A media icon of progressive Northern California, the San Francisco Bay Guardian, has shut down. The staff was called in today and told the Oct. 15 issue will be its last. Just before the meeting, editors found their email, Twitter and Facebook accounts deactivated. The Bay Guardian started in 1966, a year before the Summer of Love, and covered San Francisco and Berkeley through the free speech era, the anti-Vietnam War era, the emergence of gay rights and the Dan White murders, through the gentrification wars right up to the recent changes in San Francisco wrought by technology billions. The operating slogan was to "print the news and raise hell." The Bay Guardian survived a move by rival alt weekly owners from the Phoenix New Times chain to squeeze the older paper out of business, but in 2012 founders Bruce Brugmann and Jean Dibble stepped down and agreed to be bought out by the parent company of the SF Examiner, which later bought the SF Weekly as well.
The vast Bay Guardian website and archives have been taken down and replaced by a brief message from the owners.
The San Francisco Bay Guardian, a leading voice for progressive San Francisco since 1966, has stopped publishing. The San Francisco Media Company, which has published the Guardian since 2012, will publish the final issue on Wednesday, October 15th, 2014.
As a company, we are proud of the SF Bay Guardian's legacy as a community watchdog, a publication with stellar reporting and its passion to push for a better city. It gave a voice to many in the city who might have been otherwise shut out of the corridors of power, kept countless city leaders honest and inspired a new breed of journalism across the nation.
We say good-bye to a member of our media family and to an institution that has been a vital advocate for its vision for San Francisco for nearly half a century. The Guardian leaves San Francisco a better city for the role it has played in shaping it these last decades.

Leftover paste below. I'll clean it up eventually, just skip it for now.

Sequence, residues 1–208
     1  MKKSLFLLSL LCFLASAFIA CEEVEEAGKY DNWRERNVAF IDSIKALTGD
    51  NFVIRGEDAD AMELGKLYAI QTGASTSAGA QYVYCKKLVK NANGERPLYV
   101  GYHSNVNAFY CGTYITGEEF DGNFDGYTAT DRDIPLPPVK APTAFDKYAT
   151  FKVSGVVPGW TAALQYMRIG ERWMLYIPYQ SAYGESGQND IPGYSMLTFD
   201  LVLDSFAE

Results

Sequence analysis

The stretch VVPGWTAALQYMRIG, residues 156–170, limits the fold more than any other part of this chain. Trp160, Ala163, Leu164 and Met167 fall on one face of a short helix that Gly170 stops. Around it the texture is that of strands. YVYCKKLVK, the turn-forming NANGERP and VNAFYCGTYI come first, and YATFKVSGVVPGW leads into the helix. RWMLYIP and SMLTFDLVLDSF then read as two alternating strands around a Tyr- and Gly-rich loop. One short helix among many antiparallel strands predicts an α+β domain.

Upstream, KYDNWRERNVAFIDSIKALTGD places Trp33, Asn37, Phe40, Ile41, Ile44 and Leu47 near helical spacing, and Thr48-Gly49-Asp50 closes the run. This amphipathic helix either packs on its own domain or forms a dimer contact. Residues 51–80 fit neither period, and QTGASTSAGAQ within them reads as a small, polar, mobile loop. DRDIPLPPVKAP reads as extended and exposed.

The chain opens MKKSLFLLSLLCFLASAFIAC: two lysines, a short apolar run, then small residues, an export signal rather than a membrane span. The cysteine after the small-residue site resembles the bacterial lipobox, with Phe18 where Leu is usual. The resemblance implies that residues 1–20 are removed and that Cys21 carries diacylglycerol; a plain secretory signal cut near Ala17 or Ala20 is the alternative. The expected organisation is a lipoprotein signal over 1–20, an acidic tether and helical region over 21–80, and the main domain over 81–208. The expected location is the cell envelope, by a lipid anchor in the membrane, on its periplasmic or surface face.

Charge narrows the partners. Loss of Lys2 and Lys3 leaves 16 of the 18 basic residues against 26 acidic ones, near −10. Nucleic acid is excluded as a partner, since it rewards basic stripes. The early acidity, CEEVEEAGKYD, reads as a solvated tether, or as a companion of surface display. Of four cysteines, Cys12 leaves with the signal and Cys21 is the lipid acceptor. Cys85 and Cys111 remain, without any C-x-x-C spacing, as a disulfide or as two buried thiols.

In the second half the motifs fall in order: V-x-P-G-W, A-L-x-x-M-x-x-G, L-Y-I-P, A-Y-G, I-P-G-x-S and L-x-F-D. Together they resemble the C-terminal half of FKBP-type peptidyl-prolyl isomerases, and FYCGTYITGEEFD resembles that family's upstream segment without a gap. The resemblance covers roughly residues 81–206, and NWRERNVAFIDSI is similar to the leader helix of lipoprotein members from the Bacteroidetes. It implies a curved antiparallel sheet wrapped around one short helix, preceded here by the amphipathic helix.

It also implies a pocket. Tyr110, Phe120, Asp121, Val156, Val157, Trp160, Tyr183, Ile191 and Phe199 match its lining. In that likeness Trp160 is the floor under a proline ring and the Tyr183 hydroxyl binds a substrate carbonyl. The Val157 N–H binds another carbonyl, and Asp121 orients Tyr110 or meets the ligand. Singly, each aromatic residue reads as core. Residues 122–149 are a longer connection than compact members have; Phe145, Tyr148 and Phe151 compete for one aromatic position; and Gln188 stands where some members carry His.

The SF Weekly runs a message from San Francisco Media Company publisher Glenn Zuehls.
"Unfortunately, the economic reality is such that the Bay Guardian is not a viable business and has not been for many years," wrote SFMC publisher Glenn Zuehls in the interoffice communique "When SFMC took over the publication, the company believed the publication’s finances could rise out of the red and benefit from joining forces with the Examiner and the Weekly. We have tried hard to make that happen over the past few years. ... Since then, I have come to realize that this isn’t possible and that the obstacles for a profitable Bay Guardian are too great to overcome. The amount of money that the Bay Guardian loses each week is causing damage to the heart of the company and cannot justify its continued publication. The success of this company, providing the highest quality journalism for our readers along with superior results for our advertisers, is my sole priority."
Zuehls characterized the decision as the most difficult of his career.
Guardian editor Steven T. Jones describes himself and the staff as "in shock. We're still trying to stay cool. We're still trying to absorb this."
The paper's curtailment is effective immediately. The edition hitting the streets tomorrow figures to be its last.
"We are in discussions of the possibility of buying the paper," Jones says. "We'll turn to our community and try to see if this is possible."
Zuehls tells SF Weekly that a sale is possible: "Anybody can come and ask." Exactly what one obtains in buying the Guardian is a matter to still be negotiated.
"I hope the passion of the Guardian lives on. Everyone in San Francisco can learn from that passion," Zuehls continues. But "it has lost revenue since day one and the trend is losing more."
The Bay Guardian staff recovered enough control of the Twitter account to post this item.
Dear community: The SF Media Co. has just pulled its funding from the 48 year old San Francisco Bay Guardian. More details to come.— SF Bay Guardian (@sfbg) October 14, 2014
Staffers and supporters are now posting messages and some of the highlights of past years. Plus: tomorrow's final Bay Guardian issue in PDF format — it's the annual Best of the Bay issue.